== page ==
The war would last four years and mark the end of what some historians call the long 19th century, which they date from the French Revolution to 1914. It was the beginning of the end of several European societies; the empires of Russia, Austro-Hungary and Germany did not survive the conflict. Eastern Europe was completely reshaped politically by the war and the peace that followed it. Great Britain struggled with its economic consequences. The European conflicts of the 1930s and World War II are direct results of it, too. America’s Historical Newspapers can help students and scholars explore and understand this conflagration in new ways.

The crisis that started it actually began six weeks earlier, when the heir to the Austro-Hungarian throne, Archduke Franz Ferdinand, was assassinated by Serbian nationalists. Other European royalty and government officials had been assassinated in the three decades previous to this killing, but they did not set off a general European war. This killing of the archduke, and the death of his wife in the same attack, would.

The Charlotte Observer on June 29, 1914, headlined the story this way – “Heir to Throne Killed in Street – Archduke Francis Ferdinand and Wife Victims of Assassin – Were Shot by Youth – Two Attempts Were Made on Life of Royal Couple, the First with a Bomb.”

The Utterly Sad Anniversary of the “War to End All Wars”: A Look Back Through America's Historical Newspapers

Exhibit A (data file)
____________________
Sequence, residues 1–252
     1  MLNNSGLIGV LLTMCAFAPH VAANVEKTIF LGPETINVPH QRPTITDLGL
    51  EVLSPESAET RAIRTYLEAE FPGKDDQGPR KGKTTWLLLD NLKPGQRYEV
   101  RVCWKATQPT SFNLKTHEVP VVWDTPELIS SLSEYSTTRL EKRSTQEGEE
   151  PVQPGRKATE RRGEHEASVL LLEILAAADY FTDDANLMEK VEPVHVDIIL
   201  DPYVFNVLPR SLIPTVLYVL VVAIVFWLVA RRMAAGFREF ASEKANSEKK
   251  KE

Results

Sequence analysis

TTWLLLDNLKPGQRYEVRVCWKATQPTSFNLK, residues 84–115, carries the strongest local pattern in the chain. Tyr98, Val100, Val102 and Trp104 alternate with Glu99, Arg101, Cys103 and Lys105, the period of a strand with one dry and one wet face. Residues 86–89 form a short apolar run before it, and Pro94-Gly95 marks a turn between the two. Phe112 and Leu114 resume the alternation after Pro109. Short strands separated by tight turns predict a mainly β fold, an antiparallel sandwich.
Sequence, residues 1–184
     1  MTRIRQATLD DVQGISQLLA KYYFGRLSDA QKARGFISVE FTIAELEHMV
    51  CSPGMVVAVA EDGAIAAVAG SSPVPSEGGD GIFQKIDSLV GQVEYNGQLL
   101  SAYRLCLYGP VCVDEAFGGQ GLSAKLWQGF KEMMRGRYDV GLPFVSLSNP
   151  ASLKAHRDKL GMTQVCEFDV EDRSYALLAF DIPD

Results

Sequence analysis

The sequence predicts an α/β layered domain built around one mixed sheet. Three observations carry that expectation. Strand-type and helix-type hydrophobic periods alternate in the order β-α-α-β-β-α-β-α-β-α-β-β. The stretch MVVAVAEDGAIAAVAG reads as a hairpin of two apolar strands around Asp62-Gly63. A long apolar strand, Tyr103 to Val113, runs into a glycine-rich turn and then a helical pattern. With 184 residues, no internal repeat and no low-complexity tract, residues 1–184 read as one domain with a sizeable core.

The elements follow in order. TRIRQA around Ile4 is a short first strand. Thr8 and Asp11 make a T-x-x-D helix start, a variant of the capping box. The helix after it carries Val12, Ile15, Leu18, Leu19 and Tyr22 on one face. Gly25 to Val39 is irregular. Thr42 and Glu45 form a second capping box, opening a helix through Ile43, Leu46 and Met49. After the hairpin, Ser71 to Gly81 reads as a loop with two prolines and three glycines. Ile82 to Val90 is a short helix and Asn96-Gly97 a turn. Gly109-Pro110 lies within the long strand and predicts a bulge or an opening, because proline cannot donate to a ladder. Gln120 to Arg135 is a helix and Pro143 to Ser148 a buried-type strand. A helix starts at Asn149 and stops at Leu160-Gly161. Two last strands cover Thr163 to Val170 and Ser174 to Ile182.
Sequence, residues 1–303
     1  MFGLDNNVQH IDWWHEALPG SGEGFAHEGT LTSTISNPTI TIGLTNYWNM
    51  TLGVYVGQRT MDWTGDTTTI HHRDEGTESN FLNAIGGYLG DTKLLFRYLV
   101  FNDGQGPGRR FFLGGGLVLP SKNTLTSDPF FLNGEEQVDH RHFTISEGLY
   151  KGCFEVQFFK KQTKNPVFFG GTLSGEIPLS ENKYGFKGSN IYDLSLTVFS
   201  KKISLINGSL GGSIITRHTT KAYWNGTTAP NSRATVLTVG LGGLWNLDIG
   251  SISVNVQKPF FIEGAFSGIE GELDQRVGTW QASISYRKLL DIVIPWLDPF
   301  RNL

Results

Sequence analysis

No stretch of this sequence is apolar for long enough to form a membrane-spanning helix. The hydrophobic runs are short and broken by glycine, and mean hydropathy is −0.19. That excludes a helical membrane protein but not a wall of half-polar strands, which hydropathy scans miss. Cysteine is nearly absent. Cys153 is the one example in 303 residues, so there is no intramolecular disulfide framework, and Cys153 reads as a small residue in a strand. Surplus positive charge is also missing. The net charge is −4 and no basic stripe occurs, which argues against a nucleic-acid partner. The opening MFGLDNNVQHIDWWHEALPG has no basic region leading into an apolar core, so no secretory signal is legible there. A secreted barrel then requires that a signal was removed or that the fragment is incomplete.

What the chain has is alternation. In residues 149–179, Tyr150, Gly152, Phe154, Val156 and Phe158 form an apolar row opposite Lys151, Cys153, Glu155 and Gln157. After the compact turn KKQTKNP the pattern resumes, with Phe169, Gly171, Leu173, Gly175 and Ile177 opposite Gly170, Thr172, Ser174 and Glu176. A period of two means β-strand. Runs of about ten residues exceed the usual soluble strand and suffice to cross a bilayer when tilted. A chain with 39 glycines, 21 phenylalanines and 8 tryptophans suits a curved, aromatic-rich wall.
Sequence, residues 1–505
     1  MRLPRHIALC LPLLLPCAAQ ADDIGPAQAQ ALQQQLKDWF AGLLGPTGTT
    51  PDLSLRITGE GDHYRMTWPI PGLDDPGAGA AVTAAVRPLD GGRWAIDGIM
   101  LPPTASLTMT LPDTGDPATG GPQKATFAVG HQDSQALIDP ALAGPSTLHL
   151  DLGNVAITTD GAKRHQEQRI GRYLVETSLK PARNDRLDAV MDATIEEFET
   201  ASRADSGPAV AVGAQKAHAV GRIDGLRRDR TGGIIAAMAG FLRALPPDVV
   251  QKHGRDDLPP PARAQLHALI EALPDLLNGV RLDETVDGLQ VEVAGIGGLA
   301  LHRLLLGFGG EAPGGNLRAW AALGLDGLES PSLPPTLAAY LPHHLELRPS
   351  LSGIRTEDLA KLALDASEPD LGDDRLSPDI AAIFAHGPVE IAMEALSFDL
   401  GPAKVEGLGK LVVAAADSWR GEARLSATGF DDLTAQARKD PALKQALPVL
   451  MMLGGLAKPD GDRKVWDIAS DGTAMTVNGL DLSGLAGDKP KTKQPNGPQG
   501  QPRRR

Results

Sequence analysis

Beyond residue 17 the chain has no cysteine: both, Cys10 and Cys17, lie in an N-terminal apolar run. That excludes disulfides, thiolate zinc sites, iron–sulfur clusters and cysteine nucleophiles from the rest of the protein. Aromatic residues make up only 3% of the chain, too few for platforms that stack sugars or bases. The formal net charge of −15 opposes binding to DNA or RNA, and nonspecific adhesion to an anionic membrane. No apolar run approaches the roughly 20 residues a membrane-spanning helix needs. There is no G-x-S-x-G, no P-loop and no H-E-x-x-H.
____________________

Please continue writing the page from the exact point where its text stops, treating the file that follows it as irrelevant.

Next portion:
The Chairman Goes for a Swim

It was worldwide news when Chairman Mao Tse-tung, “the great leader of the Chinese people,” went for a swim in the Yangtze River on July 16, 1966. According to Peking NCNA International Service in English on July 25, 1966, as captured by the U.S. Foreign Broadcast Information Service for dissemination to American leaders, he “was relaxed and easy… braving winds and waves. He stayed in the water a full 65 minutes, covering a total distance of almost 15 kilometers.” (That’s slightly over nine miles, for those less familiar with the metric system.)

In June of 1956 Chairman Mao had come to Wuhan and swum across the river three times. He “later wrote the poem full of brilliancy and boldness: ‘Swimming—To the Melody Shui Tiao Ke Tou.’ In his latest swim, too, as he put it in this poem, ‘I care not that the wind blows and the waves beat; it is better than idly strolling in a courtyard.’”

From the Readex digital edition of Foreign Broadcast Information Service (FBIS) Daily Reports. Click to open full article in PDF.The report continued,

The Chairman Goes for a Swim

“On the Advantage and Amusement derived from the reading of News-Papers” (1783)

From 230 years ago, as reprinted in the New-York Gazetteer or Northern Intelligencer on the first of September 1783:

"The four Winds (the Initials of which make the Word News) are not so capricious or so liable to change, as our public Intelligencers; we have on Monday Morning, a Whisper---on Tuesday, a Rumour---on Wednesday, a Conjecture---on Thursday, a Probable---on Friday, a Positive---and on Saturday, a Premature. And thus are our Hopes and Expectations, for five Days regularly, and almost mechanically increased, till the sixth compliments us with a total Disappointment.

“On the Advantage and Amusement derived from the reading of News-Papers” (1783)

“A Heart of Oak and Nerves of Steel”: A Look Back at Golf’s Greatest Upset and the Local Hero of the 1913 U.S. Open